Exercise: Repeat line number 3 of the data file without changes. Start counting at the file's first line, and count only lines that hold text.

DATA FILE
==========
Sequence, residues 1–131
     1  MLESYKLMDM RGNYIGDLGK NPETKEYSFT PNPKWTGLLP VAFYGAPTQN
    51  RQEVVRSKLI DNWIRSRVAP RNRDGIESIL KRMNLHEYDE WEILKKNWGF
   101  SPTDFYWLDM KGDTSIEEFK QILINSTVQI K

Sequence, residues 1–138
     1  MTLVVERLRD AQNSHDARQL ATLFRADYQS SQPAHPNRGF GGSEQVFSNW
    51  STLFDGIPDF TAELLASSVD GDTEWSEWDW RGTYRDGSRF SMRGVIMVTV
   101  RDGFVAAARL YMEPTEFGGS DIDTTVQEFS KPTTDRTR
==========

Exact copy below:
    51  RQEVVRSKLI DNWIRSRVAP RNRDGIESIL KRMNLHEYDE WEILKKNWGF